Milton and Maternal Mortality in .NET Drawer Data Matrix barcode in .NET Milton and Maternal Mortality

Milton and Maternal Mortality using .net touse data matrix barcode with web,windows application Visual Studio Ultimate 2010 that women wear a veil durin visual .net data matrix barcodes g the ceremony had been a matter of active contestation, and was upheld in ecclesiastical court on a number of occasions during the reigns of James and Charles.65 Milton himself made a very snide remark about the use of Psalm 121 during the service in An Apology (published in April 1642, a month or so before he married Mary).

66 This, and just about everything else we know about Milton s theology and politics, supports Low s assertion that Milton would never have approved of his wives undergoing the ceremony, nor if they did would he have spoken about it as he has been thought to do in this sonnet (that is to say, with affectionate longing and approval).67 Such a position fails, however, to take the ideas and desires of Mary (and perhaps, though less probably, Katherine) into consideration. It is also too quick to jump to conclusions about the psychology of Milton s grief and how his poetry might have expressed it.

Mary came from a conservative, Royalist family.68 She spent the first three years of her marriage near the king at Oxford probably a willing prisoner at her parents house in the very heart of Royalist territory. She returned to Milton s household in largely Puritan London only after the king s forces had been defeated.

There is. 65 66. 67 68. See Boulton, Neighborhood an d Society, p. 276 and Thomas, Religion and the Decline of Magic, pp. 59 60.

Cressy gives several accounts of cases of this kind ( Purification, 136 40). He refers to such errors, tautologies, [and] impertinences, as those thanks in the womans Churching for her delivery from Sunburning and Moonblasting, as if she had bin travailing not in her bed, but in the deserts of Arabia (CP, 1.939).

The reference is to Psalm 121:6, which reads, in the version used in the 1559 Book of Common Prayer: So that the sun shall not burn thee by day: neither the moon by night (Booty, The Book of Common Prayer, p. 314). Low also notes a passage in The Doctrine and Discipline of Divorce that suggests Milton believed churching was at best superfluous and at worst superstitious (CP, 2.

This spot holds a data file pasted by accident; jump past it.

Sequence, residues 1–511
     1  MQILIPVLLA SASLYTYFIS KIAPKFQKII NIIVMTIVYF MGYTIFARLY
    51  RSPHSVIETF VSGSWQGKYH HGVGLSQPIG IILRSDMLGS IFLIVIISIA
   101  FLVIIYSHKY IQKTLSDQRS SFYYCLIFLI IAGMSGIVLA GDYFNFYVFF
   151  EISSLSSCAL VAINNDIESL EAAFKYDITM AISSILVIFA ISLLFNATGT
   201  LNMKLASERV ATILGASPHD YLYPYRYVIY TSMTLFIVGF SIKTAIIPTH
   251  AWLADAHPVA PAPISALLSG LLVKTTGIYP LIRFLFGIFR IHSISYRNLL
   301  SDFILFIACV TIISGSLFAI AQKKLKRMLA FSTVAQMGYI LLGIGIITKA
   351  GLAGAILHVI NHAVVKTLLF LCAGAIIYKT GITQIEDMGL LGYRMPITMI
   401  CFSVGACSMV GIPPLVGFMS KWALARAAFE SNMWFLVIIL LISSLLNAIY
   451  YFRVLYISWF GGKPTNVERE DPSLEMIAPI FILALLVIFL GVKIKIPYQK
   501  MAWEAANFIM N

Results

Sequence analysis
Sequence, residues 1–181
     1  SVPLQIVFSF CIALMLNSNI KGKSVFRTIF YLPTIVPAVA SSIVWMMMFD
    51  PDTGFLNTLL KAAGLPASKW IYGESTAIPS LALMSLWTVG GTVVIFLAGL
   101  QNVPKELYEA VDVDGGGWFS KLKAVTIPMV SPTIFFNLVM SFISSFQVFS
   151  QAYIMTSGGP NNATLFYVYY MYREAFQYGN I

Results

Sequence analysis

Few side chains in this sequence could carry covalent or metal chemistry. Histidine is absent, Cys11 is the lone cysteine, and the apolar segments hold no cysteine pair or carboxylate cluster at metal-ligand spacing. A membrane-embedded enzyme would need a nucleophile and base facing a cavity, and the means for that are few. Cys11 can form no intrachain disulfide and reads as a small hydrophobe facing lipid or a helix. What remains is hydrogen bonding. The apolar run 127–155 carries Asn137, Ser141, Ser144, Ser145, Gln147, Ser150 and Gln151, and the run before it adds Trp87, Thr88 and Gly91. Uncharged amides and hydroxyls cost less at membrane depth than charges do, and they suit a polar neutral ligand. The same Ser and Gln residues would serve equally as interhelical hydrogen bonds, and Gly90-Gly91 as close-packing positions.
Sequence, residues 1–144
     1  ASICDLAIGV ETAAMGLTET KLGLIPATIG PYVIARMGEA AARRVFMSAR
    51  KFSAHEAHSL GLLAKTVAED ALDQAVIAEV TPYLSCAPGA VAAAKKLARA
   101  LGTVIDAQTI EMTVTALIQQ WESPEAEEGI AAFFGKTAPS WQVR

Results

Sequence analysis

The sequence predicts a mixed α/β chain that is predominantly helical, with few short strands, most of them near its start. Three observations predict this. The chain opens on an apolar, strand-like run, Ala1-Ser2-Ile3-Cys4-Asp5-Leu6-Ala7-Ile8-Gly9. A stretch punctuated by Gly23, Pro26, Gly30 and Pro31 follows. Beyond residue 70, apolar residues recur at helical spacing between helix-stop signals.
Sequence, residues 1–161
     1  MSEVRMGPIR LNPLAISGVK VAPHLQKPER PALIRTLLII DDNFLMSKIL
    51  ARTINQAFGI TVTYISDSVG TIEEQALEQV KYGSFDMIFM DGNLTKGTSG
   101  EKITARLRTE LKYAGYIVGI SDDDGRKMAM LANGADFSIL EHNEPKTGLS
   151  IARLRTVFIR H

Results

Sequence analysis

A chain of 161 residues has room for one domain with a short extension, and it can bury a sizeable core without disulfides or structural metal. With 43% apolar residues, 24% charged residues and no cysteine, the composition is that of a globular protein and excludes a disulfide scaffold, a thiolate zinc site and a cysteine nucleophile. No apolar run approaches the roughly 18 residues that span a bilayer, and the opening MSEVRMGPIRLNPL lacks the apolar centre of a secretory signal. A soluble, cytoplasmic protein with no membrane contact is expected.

225). Low, Milton s Last Sonnet, 80. McLoone later suggested that the reference to churching expresses the mourner s spiritual ambivalence ( Milton s Twenty-Third Sonnet, 14 15).

Katherine Woodcock came from a family in some ways oddly like the Powells. Their fathers, in particular, resembled one another in temperament and behavior. However, the Woodcocks had a much more politically and religiously mixed heritage, with a strong Parliamentarian side.

Details about the two families can be found in Parker, pp. 866 70, 1053 5. Further details about the Woodcocks, not all of them accurate, can be found in John S.

Smart, Sonnets of Milton (Glasgow: Maclehose, Jackson and Co., 1921; rpt. Oxford: Clarendon Press, 1966), pp.

107 10. Katherine and Milton were members of the parish of St. Mary Aldermanbury.

According to Liu, this was one of the most important parishes in Puritan London, whose minister was the well-known and influential Presbyterian divine, Edmund Calamy, the EC of the SMECTYMNUUS group whom Milton had defended in An Apology (Liu, Puritan London, pp. 29, 73 6). They had the wedding banns published in the church, but they were married by a justice of the peace, not a clergyman, as the law at the time required (see below).

The more Puritan context of the marriage makes it seem less likely that Katherine would have undergone a churching, despite the fact that she lived long enough to have done so (whether or not she would have had the strength is a matter of conjecture). The birth of her daughter is registered in the parish of St. Mary s, but there is no record that the child was baptized.

Unfortunately, we have no record of Milton s wedding to Mary Powell, which, like the records of her death and burial, are not where they ought to be (Parker, p. 1009)..

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